Lately I’ve seen a lot of people doing sugar-free challenges. Like, you know, not eating sugar (or sweets) for at least 30 days. Many of them are documenting these challenges on social media and the vast majority of them are reporting very good results. A common thread of these reports is that sugar is “poison”.
That really made me think.
If you know just a little bit of biology, you know sugar is a fundamental component for generating energy in many types of organisms. Your muscles are firing when glycogen decomposes (or, if you put it the other way, decomposing glycogen makes muscle work). I’m oversimplifying here, obviously, there are also other chemical components involved, but the bottom line is that you can’t really move if you don’t have at least some amount of sugar in your body. As an ultra-runner, I learned that the hard way, hitting many walls, during many ultras.
So, if you do need it to function, then it’s not fundamentally a poison, isn’t it?
Could it be that it’s not about putting it into your body, but how much of it you put? Like if you put significantly more of it, over a certain limit, only then it becomes a poison?
Then I realized that the same thing may be said about pretty much everything. Everything can be a poison if it’s over a certain limit. Subsequently, nothing is a poison if it’s under a certain limit. If you drink too much water, you will die, because your kidneys will fail. And if you take just a tiny, tiny portion of currara, like a few molecules, you won’t experience any poisoning effect – despite the fact that currara is actually known as a poison.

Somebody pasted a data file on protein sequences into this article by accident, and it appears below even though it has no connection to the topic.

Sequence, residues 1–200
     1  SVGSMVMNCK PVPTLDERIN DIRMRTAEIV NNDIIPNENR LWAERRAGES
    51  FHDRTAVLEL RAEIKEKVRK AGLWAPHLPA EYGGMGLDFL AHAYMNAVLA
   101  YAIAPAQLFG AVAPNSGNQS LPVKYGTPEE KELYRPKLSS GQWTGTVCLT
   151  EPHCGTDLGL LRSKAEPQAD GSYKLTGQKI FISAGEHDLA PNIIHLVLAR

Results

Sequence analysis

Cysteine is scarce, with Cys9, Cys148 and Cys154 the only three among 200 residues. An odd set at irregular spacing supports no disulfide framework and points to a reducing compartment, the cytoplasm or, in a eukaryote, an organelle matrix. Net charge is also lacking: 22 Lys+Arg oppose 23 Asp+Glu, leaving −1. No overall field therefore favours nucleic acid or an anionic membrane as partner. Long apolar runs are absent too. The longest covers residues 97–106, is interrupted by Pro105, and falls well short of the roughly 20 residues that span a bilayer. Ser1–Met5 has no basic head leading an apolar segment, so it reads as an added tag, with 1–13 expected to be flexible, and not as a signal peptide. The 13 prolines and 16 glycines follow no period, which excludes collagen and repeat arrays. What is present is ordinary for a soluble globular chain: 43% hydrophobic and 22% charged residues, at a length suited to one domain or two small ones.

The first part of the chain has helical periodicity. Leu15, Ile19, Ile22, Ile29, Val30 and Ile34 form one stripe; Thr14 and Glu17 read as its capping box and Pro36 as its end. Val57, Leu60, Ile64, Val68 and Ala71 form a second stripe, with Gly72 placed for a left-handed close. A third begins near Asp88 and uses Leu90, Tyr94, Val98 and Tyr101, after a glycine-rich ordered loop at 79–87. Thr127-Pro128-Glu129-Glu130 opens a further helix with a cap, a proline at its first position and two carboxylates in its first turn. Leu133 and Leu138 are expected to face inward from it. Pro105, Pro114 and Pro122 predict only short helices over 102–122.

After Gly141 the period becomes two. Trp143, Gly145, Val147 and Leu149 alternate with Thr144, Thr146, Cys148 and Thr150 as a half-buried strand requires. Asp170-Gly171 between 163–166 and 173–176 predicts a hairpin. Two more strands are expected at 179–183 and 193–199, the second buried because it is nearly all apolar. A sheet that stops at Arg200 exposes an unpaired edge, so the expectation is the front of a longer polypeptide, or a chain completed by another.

We’re Balance, Literally
What makes us exist is a certain equilibrium we reach and maintain. It’s a certain balance that suddenly propels and support existence, a tiny little “goldilocks zone” in which all quantities are “right” and where we can maintain our consciousness. A few steps outside of this space, and we’re gone.
Our bodies freeze under -40 degrees Celsius and boil over 100. If we stay too much in the sunlight, we literally decompose. If we breathe too much carbon dioxide, we choke and if we stare directly into the Sun we go blind. I can go on like this forever – and no matter in what direction I go, there will always be only one tiny portion of the whole spectrum of possibilities that allows us to be.
We’re just a lucky layer, an incredibly fortunate intersection of millions of variables, all coming together so we can exist. One “wrong” variable and we’re gone.
So, if we really are balance, the goal should be harmony of all that makes us exist, not prevalence of any certain tendency. We should strive to maintain balance, to integrate, to compensate, to flow.
The end goal is constant fluidity, any other state means we’re dead.